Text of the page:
I have a fascination with tracking a bands evolutionary road but since I’ve only come about Falls Of Rauros recently could you please fill me in on some of the earlier days?
Ray: The project started as an experiment. Aaron and I found a connection in our musical interests and desire to capture ideas with no outlet. The early material was spontaneous and erratic, with very little thought about production or any concept of success. We recorded simply, playing all instruments with the freedom that a lack of pressure or outside interest can evoke. Surprisingly, people discovered and enjoyed our endeavor. We began to play some small shows, which necessitated a change in lineup. These new experiences yielded material for Hail Wind and Hewn Oak, the first real album. From there, it was a struggle to maintain a drummer, which delayed future output until we were offered the services of Panopticon’s Austin Lunn, who generously lent his talent for the latest release, Light that Dwells… The events that followed have led us to our current lineup, allowing us to write new material as a full four-piece – a welcome change from earlier times.
To me Maine is a small state filled with forests and darkness. An ideal place to compose heartfelt and deeply emotional music. Is this were you get your inspirations from?
Ray: We are, of course, a product of our surroundings. As just about any form of artistic output will reflect the environment of its creator, we too are embraced by the nature and diversity of our area. The product is a sound infused with our continual battle against the daily obstacles of dealing with a population of negligent and disrespectful citizens, along with our own contemplation on the beauty of the world.
You’ve released records as Falls Of Rauros before but only in small editions. Was there a bigger thought to this or was it just that the situation only allowed for it to happen that way?
Ray: We have released material as our situation allowed. There was not enough interest in the early days to invest in “proper production” for an album, so we made a small DIY batch of discs to sell at shows, and posted the digital form for any who happened to stumble across us. With support from labels (first Morbid Winter Records, and now Bindrune Recordings) and Austin, we have been fortunate enough to have merchandise to assist with funding for touring and recording.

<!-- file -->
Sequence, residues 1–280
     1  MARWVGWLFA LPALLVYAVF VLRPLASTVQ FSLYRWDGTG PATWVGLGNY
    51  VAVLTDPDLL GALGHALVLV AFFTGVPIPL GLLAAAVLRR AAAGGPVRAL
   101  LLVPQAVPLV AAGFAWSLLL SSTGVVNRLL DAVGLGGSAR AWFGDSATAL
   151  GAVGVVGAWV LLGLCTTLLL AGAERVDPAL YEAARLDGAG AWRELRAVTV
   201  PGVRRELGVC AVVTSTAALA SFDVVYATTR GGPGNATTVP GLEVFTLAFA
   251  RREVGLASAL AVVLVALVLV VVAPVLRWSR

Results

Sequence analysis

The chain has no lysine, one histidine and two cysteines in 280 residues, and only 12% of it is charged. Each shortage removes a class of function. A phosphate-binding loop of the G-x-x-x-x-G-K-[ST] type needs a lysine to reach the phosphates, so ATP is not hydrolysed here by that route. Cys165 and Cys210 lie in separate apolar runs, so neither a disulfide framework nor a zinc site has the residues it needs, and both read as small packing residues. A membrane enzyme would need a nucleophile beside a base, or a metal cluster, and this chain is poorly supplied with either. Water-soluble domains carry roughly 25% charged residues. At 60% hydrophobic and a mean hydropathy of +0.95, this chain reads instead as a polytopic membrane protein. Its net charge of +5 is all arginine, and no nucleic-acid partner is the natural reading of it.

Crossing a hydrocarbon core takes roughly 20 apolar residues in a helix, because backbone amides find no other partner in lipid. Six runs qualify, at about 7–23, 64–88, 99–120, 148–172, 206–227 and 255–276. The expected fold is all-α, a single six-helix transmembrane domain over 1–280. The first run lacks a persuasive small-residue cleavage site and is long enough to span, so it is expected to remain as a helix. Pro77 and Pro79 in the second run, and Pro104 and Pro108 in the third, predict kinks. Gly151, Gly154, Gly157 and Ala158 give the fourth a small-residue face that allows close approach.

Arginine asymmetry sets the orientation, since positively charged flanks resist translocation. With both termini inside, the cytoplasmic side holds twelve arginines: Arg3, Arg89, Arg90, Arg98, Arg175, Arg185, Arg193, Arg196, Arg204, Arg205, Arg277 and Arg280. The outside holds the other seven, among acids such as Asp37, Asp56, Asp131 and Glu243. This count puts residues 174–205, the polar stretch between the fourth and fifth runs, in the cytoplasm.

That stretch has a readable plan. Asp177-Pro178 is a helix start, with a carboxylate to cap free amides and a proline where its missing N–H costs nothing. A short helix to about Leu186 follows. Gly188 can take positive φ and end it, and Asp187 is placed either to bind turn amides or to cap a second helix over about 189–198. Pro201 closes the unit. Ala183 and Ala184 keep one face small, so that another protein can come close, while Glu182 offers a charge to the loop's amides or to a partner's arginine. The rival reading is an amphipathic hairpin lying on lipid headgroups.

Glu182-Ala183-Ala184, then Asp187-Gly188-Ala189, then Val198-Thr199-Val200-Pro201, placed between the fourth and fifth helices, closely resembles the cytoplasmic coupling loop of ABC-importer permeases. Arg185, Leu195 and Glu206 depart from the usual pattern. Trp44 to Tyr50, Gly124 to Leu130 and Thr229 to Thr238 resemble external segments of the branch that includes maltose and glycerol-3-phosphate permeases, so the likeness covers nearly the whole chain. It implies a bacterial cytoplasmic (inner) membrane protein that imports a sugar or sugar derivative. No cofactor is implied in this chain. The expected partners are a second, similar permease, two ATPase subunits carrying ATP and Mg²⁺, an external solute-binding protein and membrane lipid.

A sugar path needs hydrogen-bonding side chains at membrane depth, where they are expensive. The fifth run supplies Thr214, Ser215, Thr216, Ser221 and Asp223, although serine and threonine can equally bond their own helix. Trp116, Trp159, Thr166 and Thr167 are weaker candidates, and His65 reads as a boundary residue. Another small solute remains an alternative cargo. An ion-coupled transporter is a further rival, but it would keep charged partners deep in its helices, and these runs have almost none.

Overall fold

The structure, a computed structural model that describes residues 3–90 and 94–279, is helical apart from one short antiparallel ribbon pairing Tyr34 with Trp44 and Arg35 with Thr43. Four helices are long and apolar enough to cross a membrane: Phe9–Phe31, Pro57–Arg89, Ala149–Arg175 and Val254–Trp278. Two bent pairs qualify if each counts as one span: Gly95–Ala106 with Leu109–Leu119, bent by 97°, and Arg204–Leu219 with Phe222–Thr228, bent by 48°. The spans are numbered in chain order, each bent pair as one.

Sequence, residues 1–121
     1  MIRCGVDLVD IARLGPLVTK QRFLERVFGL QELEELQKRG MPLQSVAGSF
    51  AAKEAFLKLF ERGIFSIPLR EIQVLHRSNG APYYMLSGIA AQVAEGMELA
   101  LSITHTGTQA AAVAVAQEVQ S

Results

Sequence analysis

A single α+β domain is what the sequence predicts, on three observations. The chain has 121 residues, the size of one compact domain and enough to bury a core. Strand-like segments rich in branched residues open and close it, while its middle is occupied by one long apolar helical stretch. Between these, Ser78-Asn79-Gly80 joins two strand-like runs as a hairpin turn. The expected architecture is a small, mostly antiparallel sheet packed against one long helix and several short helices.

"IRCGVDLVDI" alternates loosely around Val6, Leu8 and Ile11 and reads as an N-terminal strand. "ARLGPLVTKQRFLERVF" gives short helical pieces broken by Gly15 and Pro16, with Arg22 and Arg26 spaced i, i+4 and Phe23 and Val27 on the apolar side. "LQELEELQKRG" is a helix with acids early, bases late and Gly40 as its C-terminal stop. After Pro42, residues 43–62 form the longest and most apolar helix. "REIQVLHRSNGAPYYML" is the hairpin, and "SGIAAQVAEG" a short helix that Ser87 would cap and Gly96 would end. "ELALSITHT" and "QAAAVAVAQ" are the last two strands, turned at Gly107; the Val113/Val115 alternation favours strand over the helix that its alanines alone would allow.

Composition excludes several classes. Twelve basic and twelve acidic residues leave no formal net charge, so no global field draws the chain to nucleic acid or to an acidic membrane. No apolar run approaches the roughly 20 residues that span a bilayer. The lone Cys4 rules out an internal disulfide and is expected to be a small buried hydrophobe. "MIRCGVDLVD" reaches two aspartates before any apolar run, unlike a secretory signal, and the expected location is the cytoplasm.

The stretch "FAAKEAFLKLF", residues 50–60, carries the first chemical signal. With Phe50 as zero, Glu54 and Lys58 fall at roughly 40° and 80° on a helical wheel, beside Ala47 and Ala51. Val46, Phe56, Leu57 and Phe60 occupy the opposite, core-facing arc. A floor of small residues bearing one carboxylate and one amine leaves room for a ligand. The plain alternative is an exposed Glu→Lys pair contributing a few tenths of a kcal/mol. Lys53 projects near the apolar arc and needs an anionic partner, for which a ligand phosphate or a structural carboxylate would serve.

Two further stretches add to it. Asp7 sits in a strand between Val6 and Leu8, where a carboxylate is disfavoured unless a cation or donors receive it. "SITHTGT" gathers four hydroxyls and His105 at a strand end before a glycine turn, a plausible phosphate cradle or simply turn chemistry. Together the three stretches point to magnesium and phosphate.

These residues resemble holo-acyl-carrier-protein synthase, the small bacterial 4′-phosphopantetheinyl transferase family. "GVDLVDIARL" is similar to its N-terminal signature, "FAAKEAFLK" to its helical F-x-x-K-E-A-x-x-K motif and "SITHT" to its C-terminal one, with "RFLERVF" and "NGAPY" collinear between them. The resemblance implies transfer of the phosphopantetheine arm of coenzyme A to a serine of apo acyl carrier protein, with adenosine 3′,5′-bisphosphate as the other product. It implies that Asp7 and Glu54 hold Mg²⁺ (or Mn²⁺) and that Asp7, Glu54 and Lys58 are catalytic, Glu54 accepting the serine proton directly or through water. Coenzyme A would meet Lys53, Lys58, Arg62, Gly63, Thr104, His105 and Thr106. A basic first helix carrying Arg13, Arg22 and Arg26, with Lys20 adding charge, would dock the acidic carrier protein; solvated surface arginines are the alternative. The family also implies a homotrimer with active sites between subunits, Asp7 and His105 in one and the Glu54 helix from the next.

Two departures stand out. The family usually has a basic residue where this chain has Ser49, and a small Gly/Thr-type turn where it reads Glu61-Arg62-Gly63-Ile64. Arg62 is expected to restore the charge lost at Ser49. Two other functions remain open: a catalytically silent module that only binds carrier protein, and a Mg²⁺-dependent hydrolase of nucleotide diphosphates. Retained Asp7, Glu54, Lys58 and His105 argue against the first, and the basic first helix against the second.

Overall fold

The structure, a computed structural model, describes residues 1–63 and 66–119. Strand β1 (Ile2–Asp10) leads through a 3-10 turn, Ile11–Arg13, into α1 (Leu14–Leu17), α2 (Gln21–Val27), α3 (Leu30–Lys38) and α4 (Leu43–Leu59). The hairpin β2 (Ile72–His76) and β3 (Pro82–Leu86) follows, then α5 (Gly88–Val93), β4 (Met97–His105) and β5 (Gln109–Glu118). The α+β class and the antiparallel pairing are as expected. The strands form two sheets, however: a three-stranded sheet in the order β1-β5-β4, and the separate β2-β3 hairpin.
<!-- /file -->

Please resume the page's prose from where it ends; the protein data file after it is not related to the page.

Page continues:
I’ve been thinking about these falls of Rauros. Is there something so mythical and magical to them that you had to choose them as band name?
Ray: Though a name is ultimately irrelevant, the Falls of Rauros represent a very relatable idea of man’s power to discover compassion, instead of abusing his abilities and enabling destruction through a heartless desire for additional power. It is an example of our capacity to overcome the limitations of conformity and become truly human.
All over the Northeast/Northwest there seem to be a whole new movement of black metal springing to life that are more focused on nature and its powers instead of the usual dark, satanic imagery. And it seems to be more of an American phenomenon than anything else. Do you have any explanation to this development?
Ray: There is probably more of an emotional response with nature-related music. I certainly can identify more with the distress of a crumbling society than how many evil wizards can be summoned. That doesn’t make the music itself “better” or more infectious, but it may open some minds to the freedom of any sub-genre. I don’t really have an answer to this, though, or much of an opinion.
Reading the titles of your songs you notice that they aren’t your typical “Hail Satan, kill all humans” type of lyrics. Is there a greater concept to the lyrics and what would this be?
Ray: The lyrics will speak to each person differently, and hopefully be internalized as uniquely as emotions tend to be. We are obviously voicing frustration and our dismay at the state of things, with hopes for a more enlightened and sustainable future.
“The Light That Dwells In Rotten Wood” is quite a descriptive title. Should the title be interpreted as a hopeful one, in that even from something so dead it starts to rot something good can come out of it?
Ray: It is an excerpt from Henry David Thoreau’s “The Maine Woods” that resonates with the ideas discussed above.
Is there any advantages to coming from a smaller place in terms of being allowed to grow into a cohesive unit in your own time with no pressure from any kind of outside competition (i.e. other bands competing for attention)?
Ray: It has never been our intention to become well known or noticed by anybody of consequence. Our isolated birth may have stunted our initial growth, due to a lack of live opportunities. Though there is strong support in the community, there are not many chances to increase our exposure.
Do you feel that it is only now with “The Light That Dwells In Rotten Wood” that things are starting to take off, or has it been a slow build up to this point?
Ray: Things do appear to have gained a certain momentum from this release. We have solidified our lineup, honing our musical integration by practicing and writing. The reception for the album has been outstanding, more than any of us thought possible. With any luck, we’ll be able to continue to do what we enjoy.
With the momentum that has built up now, how do you take it from here?
Ray: We plan to begin the writing and recording process again. If the opportunity to play shows or tour presents itself, we may have to postpone further production, but will keep rocking in the meantime.